Merida is the 11th princess to be inducted as an official princess, thanks to Disney. Many young girls and families have admired the fact that Merida is not the princess to chase after a prince to gain royalty and a crown, but be herself for her own self-acceptance and pride, even if it means competing in a sport, archery.
Merida was given a new look, pictured below, for the May 11th for the induction ceremony. Disney made her thinner and more refined than in the film. Granted, this image sends a wrong signal to many people, and a petition to Disney’s chief, Robert Iger, has been started and as of May 12th, had more than 19,000 signatures. Robert declared that there would not be a make-over to re-establish the princess to her original self.
The petition reads: “The redesign of Merida in advance of her official induction to the Disney Princess collection does a tremendous disservice to the millions of children for whom Merida is an empowering role model who speaks to girls’ capacity to be change agents in the world rather than just trophies to be admired. Moreover, by making her skinnier, sexier and more mature in appearance, you are sending a message to girls that the original, realistic, teenage-appearing version of Merida is inferior; that for girls and women to have value — to be recognized as true princesses — they must conform to a narrow definition of beauty.”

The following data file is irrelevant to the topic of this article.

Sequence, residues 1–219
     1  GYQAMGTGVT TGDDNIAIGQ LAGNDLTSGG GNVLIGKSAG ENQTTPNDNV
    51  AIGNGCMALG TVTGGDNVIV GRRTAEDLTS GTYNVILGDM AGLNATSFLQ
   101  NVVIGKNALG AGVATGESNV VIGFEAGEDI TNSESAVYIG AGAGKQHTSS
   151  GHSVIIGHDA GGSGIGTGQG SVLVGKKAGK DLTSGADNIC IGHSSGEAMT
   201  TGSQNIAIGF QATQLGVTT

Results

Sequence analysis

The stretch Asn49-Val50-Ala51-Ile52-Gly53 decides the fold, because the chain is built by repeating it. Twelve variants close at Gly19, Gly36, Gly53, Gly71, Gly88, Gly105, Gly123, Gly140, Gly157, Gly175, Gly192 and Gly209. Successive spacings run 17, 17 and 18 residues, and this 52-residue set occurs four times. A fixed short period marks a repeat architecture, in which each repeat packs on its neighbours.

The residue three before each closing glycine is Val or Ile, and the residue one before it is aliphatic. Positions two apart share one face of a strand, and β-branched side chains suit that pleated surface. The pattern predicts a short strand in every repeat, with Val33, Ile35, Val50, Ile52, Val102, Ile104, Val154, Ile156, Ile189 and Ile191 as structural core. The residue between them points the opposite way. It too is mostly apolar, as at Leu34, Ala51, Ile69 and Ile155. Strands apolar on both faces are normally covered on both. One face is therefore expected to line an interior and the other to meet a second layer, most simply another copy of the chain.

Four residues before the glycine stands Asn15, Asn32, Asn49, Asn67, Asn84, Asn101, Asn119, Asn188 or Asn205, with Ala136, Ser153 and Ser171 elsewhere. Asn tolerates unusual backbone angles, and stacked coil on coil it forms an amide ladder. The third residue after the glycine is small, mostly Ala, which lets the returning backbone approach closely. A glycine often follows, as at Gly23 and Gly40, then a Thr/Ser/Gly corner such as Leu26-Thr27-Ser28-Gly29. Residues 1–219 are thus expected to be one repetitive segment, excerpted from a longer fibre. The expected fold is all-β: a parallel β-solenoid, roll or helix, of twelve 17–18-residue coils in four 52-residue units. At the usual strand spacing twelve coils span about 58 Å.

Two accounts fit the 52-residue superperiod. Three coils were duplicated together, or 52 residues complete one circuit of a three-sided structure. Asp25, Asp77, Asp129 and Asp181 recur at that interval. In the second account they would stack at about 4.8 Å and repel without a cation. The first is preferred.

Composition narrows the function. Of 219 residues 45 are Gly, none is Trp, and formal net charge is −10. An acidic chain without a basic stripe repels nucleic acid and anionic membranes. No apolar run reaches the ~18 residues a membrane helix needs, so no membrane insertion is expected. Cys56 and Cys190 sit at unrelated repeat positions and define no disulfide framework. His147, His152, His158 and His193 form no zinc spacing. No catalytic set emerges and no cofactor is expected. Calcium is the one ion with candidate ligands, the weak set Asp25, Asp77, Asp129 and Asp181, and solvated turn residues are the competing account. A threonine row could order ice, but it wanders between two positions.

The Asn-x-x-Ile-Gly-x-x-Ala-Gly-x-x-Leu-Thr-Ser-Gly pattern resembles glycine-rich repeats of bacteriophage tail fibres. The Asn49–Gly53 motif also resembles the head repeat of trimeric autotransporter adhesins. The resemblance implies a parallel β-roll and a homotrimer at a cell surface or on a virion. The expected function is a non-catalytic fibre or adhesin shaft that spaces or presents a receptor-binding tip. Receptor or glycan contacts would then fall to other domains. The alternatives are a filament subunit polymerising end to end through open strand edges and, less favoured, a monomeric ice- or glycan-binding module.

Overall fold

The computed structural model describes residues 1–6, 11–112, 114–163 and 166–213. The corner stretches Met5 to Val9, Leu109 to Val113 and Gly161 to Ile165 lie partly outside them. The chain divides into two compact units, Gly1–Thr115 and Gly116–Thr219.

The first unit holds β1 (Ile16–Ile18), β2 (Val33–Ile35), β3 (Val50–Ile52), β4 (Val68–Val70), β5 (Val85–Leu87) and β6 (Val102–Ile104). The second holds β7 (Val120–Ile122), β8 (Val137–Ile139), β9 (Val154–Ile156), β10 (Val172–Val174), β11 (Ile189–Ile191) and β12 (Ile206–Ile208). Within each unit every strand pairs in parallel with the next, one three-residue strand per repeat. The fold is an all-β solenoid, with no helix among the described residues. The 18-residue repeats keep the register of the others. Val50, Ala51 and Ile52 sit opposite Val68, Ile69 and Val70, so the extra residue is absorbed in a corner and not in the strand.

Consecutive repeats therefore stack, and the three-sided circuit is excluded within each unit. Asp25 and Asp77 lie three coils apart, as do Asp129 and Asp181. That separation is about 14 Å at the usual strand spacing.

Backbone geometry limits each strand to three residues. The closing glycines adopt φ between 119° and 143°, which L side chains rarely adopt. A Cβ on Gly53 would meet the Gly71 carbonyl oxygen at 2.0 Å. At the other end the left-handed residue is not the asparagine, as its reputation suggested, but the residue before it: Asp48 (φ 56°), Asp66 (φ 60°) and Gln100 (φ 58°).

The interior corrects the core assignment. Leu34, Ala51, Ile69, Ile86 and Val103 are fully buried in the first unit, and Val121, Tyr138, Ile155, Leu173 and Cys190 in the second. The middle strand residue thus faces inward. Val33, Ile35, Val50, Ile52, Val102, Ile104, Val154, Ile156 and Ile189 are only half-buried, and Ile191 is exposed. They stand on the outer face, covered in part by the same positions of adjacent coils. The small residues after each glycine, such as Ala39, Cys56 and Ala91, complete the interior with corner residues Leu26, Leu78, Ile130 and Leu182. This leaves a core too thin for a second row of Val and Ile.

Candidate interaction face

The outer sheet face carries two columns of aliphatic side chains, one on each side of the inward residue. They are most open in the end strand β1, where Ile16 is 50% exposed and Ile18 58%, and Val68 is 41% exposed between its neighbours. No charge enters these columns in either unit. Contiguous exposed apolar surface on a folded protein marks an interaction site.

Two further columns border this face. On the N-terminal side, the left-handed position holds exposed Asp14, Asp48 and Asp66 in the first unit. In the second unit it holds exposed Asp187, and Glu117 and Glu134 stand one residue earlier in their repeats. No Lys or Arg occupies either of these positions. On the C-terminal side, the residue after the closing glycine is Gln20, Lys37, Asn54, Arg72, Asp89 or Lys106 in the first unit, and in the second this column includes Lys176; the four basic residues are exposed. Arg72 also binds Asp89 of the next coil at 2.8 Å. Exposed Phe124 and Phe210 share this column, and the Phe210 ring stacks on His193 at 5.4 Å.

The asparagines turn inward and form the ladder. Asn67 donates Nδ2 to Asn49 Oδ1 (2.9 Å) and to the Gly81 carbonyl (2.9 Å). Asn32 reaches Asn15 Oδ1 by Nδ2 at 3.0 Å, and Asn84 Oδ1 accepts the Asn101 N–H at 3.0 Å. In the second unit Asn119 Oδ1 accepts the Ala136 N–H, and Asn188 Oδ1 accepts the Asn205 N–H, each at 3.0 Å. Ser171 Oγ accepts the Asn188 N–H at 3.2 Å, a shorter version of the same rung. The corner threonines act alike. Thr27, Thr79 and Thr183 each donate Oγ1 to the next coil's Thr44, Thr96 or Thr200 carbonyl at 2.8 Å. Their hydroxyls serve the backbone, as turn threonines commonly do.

Former director, Brenda Chapman, who was fired by Disney, spoke out with Marin Independent Journal: “There is an irresponsibility to this decision that is appalling for women and young girls. Disney marketing and the powers that be that allow them to do such things should be ashamed of themselves.”
Brenda continues, “they have been handed an opportunity on a silver platter to give their consumers something of more substance and quality — THAT WILL STILL SELL — and they have a total disregard for it in the name of their narrow minded view of what will make money,” said Chapman. “I forget that Disney’s goal is to make money without concern for integrity. Silly me.”
The only remark that the studio had to make was, “Merida exemplifies what it means to be a Disney Princess through being brave, passionate, and confident and she remains the same strong and determined Merida from the movie whose inner qualities have inspired moms and daughters around the world.”
Although Brenda was fired from the project, and is also the first woman to direct a Pixar film, she was amazing enough to share the prestigious award “Oscar for Best Animated film” with the replacer, Mark Andrews.
This sounds like a total mess! What are your thoughts on Merida’s sudden womanly changes?